South Carolina


  • Formerly Under Development:  In 2009, Santee Cooper, Coastal Carolina University, and the South Carolina Energy Office (SCEO) kicked off a joint study (Palmetto Wind) on the feasibility of offshore wind energy development through the installation of six floating buoys and two land-based monitoring stations.  Santee Cooper plans to install an offshore platform after sufficient buoy data has been gathered.  The goal of the Palmetto Wind project is to evaluate the feasibility of a 40-80 MW wind farm.
  • Wind Energy Areas: Because of North Carolina's concerns about coastal viewshed and environmental aspects, BOEM moved two proposed WEAs from North Carolina to South Carolina.

Policy, Planning, & Regulations

  • Energy & Climate Change Planning:  In 2008, the South Carolina Climate, Energy and Commerce Advisory Committee (CECAC) recommended a voluntary, economy-wide goal to reduce gross greenhouse gas emissions to 5% below 1990 levels by 2020.
  • Siting, Leasing, & Permitting:  The South Carolina Regulatory Task Force for Coastal Clean Energy, established through a 2008 grant to the South Carolina Energy Office (SCEO) and other state collaborators by the U.S. Department of Energy (DOE), identified potential regulatory barriers to offshore wind development.  The Task Force’s recommendations were adopted by a separate legislative Wind Energy Production Farms Feasibility Study Committee.
  • Energy Demand/Incentives:  South Carolina does not have a renewable energy portfolio standard (RPS).  In 2010, the Wind Energy Production Farms Feasibility Study Committee recommended that South Carolina establish an RPS with a target of 40-80 MW of offshore wind energy by 2013, and 1,000 MW by 2018, through the use of either a carve-out or a renewable energy credit multiplier for offshore wind energy. In 2014, South Carolina's legislature authorized the creation of distributed (customer-sited small-scale) energy resource programs by electric utilities and required the Public Service Commission to develop accompanying net metering rules. The legislation's goal is to encourage the development of in-state renewable energy generation capacity by allowing a participating utility to recover costs connected with meeting the utility's renewable generation target. The program has a target of 2% of aggregate generation capacity from renewable resources by 2021.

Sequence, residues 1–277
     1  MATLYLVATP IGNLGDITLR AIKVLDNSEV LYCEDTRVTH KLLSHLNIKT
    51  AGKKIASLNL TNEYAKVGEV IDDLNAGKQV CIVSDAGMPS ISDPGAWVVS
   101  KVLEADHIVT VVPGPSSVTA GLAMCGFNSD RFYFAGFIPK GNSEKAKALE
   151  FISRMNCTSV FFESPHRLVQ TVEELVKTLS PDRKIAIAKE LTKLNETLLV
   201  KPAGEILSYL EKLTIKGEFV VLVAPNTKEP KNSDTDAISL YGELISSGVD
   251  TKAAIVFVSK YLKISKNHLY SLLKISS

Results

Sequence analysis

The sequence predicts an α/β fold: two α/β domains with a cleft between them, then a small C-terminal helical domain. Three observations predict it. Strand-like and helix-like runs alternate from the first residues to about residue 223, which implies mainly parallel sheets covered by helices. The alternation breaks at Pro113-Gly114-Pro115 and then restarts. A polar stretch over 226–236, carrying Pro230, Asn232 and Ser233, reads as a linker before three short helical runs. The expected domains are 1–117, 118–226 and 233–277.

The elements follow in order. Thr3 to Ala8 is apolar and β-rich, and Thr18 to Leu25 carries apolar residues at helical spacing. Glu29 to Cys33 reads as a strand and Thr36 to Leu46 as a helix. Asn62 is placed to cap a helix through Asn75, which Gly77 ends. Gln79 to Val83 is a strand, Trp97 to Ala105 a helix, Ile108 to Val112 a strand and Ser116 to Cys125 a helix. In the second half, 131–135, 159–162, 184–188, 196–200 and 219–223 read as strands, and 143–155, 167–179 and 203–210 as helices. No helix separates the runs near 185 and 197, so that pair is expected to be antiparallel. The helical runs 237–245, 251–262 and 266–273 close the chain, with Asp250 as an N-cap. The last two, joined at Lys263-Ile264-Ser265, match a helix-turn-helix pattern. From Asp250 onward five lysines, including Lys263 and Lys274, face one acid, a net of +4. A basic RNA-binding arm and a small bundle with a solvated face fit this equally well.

• Coastal & Ocean Management Planning:  The South Carolina Ocean Planning Work Group recommended in 2012 the development of a South Carolina Ocean Action Plan to create a long-term vision and framework for competing ocean uses and resource management.
  • Regional Ocean Management Planning:  South Carolina is a member of the Governors’ South Atlantic Alliance (GSAA).
  • Regional Electricity Transmission Planning:  South Carolina's electricity transmission is coordinated by South Carolina Regional Transmission Planning (SCRTP), established by the South Carolina Electric & Gas Company and Santee Cooper.  These entities are members of the Southeastern Reliability Corporation (SERC).

Supporting & Complementary Assets/Infrastructure

  • Transmission & Grid Interconnection:  Researchers at the Clemson University Electric Power Research Association (CUEPRA), in collaboration with Santee Cooper, concluded that the South Carolina transmission system could handle the addition of 80 MW of offshore wind by 2014 and 1,080 MW by 2020.
  • R&D/Testing Facilities:  The Clemson University Restoration Institute (CURI) and its partners received a $45 million grant in 2009 from the U.S. Department of Energy (DOE), combined with $53 million of matching funds, to build and operate a large-scale wind turbine drive train testing facility capable of testing advanced drive train technology in the 5-10 MW range (up to 15 MW).

Economic Fundamentals

  • Population: 5.0 million (1.5% US, 2016)¹
  • Population change (2010-2016): 7.3%²
  • Civilian labor force:  2.3 million (1.5% of US, 2017)¹
  • Median hourly wage (all occupations): $15.45 (2016)³
  • State corporate income tax rate: 5% (2017)⁴
  • Per capita personal income:  $39,465 (45th in US, 2016)¹
  • Residential electricity prices:  12.99 cents/kWh (2017)¹
  • Commercial electricity prices: 10.21 cents/kWh (2017)¹
  • Industrial electricity prices:  5.98 cents/kWh (2017)¹
  • Total energy production: 676 trillion Btu (0.8% of US, 2015)¹
  • Net electricity generation:  7,265 thousand MWh (2.3% of US, 2017)¹
  • Total energy consumption per capita:  337 million Btu (18th in US, 2015)¹
  • Carbon dioxide emissions:  29,849 thousand metric tons (1.5% of US, 2015)¹
  • Sulfur dioxide emissions:  26 thousand metric tons (1.0% of US, 2015)¹
  • Nitrogen dioxide emissions: 18 thousand metric tons (1.0% of US, 2015)¹
  • Total estimated technical offshore wind potential generation:  612,639 GWh/yr (8.5% of US, 2016)⁵

References:  U.S. Department of Energy’s Energy Information Administration (EIA)¹; U.S. Census Bureau²; U.S. Department of Labor, Bureau of Labor Statistics (BLS)³; Tax Foundation; and, U.S. Department of Energy, National Renewable Energy Laboratory (NREL)